Why wire framing is so important to the design process

In The Complete Website Planning Guide I outline what a wireframe is and the confusion that many people get, particularly on the client side, with wireframes.

A wireframe isn’t a prototype or a design; typically it doesn’t use colour or images, and mostly will only use some actual content.

When you see a drawing/image, which looks like the outline below you know you are talking about wireframes.

A good website plan needs the written needs, such as goals, audience and business absolutes. On top of these it needs to have page-by-page requirements, or specifications that outline how each page should function.

Importantly I wrote `how each page should function` not `how each page should be designed`.

When talking of design typically people are referring to the visual design process that happens when your web design team provide you designs to review and approve.

With our planning process, we are actually designing your site, in a broader context. By planning to the level we discuss in the book we are doing more than just visual design, we are designing the result we want and how we want to achieve it.

Wireframes become an incredibly important part of the design process.

Wireframes help you in the following ways:

  • Get you to focus on pages individually
  • Force you to consider how you will use media on the pages
  • Make you think about how you will achieve the goals of this page, what calls to actions, how to present the content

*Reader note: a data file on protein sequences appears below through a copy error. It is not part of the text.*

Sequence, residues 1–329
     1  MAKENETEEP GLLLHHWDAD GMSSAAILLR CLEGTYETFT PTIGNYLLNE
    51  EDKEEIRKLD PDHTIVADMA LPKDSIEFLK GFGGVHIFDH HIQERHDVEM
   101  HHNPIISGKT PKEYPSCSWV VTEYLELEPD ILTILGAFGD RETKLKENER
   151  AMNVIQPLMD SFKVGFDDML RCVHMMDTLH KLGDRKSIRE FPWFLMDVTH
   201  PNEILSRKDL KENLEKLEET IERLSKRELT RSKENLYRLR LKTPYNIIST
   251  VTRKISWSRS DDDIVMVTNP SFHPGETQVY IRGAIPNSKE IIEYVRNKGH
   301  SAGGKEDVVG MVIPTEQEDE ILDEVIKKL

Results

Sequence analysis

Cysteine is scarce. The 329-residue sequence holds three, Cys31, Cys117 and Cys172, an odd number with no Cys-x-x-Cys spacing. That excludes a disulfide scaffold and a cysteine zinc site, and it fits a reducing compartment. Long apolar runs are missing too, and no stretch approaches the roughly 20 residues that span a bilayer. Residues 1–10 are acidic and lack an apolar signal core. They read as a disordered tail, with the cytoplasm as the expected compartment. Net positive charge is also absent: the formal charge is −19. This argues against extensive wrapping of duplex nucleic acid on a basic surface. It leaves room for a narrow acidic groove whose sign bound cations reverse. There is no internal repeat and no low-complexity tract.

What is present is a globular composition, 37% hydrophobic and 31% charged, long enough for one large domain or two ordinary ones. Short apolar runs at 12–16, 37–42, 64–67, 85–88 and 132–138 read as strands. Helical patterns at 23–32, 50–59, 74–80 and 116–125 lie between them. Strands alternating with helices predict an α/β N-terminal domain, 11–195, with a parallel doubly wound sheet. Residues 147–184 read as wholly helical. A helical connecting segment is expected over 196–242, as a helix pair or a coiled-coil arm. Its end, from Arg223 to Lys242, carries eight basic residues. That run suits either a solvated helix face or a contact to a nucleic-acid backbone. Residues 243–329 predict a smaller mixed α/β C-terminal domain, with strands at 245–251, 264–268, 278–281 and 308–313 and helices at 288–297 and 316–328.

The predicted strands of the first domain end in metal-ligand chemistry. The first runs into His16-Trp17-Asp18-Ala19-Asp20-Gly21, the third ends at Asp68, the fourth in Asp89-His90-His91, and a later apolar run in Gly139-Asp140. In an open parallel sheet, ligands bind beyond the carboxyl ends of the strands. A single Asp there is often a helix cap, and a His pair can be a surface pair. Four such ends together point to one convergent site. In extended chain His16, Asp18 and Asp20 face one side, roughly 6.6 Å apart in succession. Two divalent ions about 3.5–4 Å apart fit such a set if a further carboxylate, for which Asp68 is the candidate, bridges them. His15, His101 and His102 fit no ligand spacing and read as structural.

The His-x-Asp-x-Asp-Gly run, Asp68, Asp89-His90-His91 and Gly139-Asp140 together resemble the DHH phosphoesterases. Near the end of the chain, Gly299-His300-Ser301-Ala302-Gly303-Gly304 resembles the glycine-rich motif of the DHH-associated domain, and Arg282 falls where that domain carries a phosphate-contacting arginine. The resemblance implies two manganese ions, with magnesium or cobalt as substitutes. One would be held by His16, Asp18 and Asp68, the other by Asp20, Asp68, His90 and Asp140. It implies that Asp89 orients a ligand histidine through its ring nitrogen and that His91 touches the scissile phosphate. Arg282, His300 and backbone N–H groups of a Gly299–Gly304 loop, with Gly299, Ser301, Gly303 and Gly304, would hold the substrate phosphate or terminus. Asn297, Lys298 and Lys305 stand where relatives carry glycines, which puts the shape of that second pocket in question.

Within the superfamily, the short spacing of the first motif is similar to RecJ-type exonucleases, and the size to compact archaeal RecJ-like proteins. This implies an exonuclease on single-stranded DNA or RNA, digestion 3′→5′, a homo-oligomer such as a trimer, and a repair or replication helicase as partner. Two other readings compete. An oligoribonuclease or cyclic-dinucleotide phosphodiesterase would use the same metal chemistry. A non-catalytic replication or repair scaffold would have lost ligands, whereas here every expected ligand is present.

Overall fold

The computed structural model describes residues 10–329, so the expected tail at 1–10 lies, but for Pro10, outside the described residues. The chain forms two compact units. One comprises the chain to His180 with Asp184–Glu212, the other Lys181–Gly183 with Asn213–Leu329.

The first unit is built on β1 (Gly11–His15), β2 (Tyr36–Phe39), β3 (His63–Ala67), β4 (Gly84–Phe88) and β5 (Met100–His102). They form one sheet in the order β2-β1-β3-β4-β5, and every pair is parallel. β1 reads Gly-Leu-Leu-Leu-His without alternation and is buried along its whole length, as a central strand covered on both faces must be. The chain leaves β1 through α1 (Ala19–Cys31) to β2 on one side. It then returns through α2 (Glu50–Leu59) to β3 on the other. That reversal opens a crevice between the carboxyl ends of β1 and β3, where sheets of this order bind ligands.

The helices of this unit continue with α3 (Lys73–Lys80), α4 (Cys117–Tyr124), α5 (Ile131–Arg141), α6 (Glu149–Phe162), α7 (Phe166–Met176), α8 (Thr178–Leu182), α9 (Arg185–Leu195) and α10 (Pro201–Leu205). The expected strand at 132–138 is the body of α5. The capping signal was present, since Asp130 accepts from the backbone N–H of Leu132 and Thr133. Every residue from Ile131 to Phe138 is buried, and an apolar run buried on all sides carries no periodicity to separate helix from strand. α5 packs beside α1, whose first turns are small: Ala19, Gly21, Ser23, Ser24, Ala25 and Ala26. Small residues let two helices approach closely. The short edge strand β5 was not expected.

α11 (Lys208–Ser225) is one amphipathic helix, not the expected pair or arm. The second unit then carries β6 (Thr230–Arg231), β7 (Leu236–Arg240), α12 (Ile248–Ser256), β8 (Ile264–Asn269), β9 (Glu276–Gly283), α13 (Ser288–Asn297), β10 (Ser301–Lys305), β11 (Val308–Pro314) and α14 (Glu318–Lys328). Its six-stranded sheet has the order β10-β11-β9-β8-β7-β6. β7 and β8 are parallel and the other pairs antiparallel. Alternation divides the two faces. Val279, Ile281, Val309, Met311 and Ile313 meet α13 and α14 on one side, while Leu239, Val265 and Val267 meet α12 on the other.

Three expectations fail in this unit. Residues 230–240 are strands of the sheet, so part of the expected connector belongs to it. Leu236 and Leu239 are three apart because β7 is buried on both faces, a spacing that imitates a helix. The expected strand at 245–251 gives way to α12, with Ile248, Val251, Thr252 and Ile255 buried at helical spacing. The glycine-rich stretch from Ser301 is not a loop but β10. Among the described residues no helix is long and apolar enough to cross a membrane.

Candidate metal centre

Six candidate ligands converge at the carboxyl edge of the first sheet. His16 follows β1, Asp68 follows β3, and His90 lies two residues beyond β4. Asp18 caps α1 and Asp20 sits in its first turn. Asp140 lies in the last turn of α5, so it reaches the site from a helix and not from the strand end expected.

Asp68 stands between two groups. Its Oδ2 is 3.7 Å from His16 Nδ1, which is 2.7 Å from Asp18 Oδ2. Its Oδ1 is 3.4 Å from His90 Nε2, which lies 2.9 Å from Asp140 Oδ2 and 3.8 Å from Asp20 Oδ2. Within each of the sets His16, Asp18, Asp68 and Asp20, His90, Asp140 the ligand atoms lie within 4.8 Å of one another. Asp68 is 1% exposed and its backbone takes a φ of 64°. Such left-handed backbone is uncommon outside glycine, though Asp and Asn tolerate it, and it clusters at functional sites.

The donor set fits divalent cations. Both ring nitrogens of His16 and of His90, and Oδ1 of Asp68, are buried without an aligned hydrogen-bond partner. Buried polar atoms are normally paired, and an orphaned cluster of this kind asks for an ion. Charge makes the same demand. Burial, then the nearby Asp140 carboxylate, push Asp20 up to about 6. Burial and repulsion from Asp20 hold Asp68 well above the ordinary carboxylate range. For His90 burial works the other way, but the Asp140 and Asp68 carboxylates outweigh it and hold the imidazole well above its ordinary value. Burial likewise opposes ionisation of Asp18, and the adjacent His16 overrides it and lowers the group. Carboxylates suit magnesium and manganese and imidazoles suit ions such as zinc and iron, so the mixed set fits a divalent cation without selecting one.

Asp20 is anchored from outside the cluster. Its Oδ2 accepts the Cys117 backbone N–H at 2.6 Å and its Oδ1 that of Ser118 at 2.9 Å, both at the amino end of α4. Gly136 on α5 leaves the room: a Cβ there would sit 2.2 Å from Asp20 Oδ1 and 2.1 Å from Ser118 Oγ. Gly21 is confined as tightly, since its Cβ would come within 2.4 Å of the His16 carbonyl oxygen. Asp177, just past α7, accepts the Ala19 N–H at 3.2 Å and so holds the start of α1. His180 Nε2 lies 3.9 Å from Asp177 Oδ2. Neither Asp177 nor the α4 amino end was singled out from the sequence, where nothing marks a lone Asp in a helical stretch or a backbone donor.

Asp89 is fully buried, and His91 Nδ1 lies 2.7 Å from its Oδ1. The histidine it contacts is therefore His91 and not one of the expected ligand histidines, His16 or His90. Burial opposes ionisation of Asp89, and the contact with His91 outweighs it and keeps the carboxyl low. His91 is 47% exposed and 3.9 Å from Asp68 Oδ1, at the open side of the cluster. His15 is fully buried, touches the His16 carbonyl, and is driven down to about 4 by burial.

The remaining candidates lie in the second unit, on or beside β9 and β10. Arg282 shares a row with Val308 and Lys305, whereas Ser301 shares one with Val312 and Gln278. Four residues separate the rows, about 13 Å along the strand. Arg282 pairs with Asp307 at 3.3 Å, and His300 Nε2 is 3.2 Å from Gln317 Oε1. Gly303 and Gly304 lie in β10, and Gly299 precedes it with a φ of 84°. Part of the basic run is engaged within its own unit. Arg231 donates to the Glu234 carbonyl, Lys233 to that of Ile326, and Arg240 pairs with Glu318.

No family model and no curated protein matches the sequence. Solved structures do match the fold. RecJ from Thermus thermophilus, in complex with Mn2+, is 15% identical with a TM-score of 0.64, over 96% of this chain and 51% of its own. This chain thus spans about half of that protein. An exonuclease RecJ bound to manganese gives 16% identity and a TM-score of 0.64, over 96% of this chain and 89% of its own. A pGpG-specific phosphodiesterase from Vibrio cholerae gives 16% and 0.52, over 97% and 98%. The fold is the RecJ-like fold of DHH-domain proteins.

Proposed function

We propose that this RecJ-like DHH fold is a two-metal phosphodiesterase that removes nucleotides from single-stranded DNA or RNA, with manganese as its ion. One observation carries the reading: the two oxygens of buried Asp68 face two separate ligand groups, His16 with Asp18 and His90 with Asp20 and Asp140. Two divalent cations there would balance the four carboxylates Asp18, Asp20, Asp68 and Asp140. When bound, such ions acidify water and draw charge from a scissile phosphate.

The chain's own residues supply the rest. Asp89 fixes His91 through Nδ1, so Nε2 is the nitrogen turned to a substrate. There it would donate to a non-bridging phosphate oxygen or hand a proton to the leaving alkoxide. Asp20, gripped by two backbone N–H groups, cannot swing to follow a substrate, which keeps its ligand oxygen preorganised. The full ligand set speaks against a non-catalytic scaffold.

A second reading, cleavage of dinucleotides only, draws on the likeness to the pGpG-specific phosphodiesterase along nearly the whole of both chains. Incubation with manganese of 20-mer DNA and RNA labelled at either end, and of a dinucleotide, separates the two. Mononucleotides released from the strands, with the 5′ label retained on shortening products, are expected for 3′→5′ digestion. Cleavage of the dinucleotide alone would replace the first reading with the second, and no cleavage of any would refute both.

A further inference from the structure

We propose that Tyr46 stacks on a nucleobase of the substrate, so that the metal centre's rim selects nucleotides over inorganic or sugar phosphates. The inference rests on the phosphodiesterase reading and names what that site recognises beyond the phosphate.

• Get you thinking about the uniqueness of each page
  • Make you consider both mobile and desktop forms before any visual design work is completed

Sitting down with a piece of paper and drawing out a page without colour or imagery, is still one of the best ways to think clearly about functionality.

  • What did we want the user to do on this page?
  • How will they do that?
  • Where on the page will that action sit? Will it be a button, a link, a form or something else?
  • Will there be other elements around it, how will it sit in relation to other content or media?
  • What happens when they take that action?
  • How much of the screen will they be seeing?

When you look at most sites that have used an off-the-shelf theme you can see that the layouts are typically generic apart from several key pages. Home pages and top level service or product pages get design treatment, but inner pages are all fairly standard.

Even the better pages in these designs were designed by someone to meet their purpose not necessarily yours.

This results in people shoe-horning content into existing objects and page layouts, to suit the visual design.

In our method, you bring to any visual design process a well thought out, pre-debated set of guidelines and requirements on how you want each page to behave and function.

Yes it is slower, and requires much more input. Like anything good though, that’s just what you need to do to get a better result.

On all the developments where budget or client demands have cut out key steps in a project, the one that hurts the project the most is the wire framing step.

If you don’t wireframe your site before it’s being designed or built then you’re going to either spend a lot more time paying your designer to change things or you are going to get a site that misses the mark for what you need.

You don’t need software to do it, although there are great tools like Balsamiq and others that make it easy to wireframe. You can use pencil and paper

Most wireframe projects I do start on paper and migrate to Balsamiq later.

Make sure you use wire frames in your planning and designing process!

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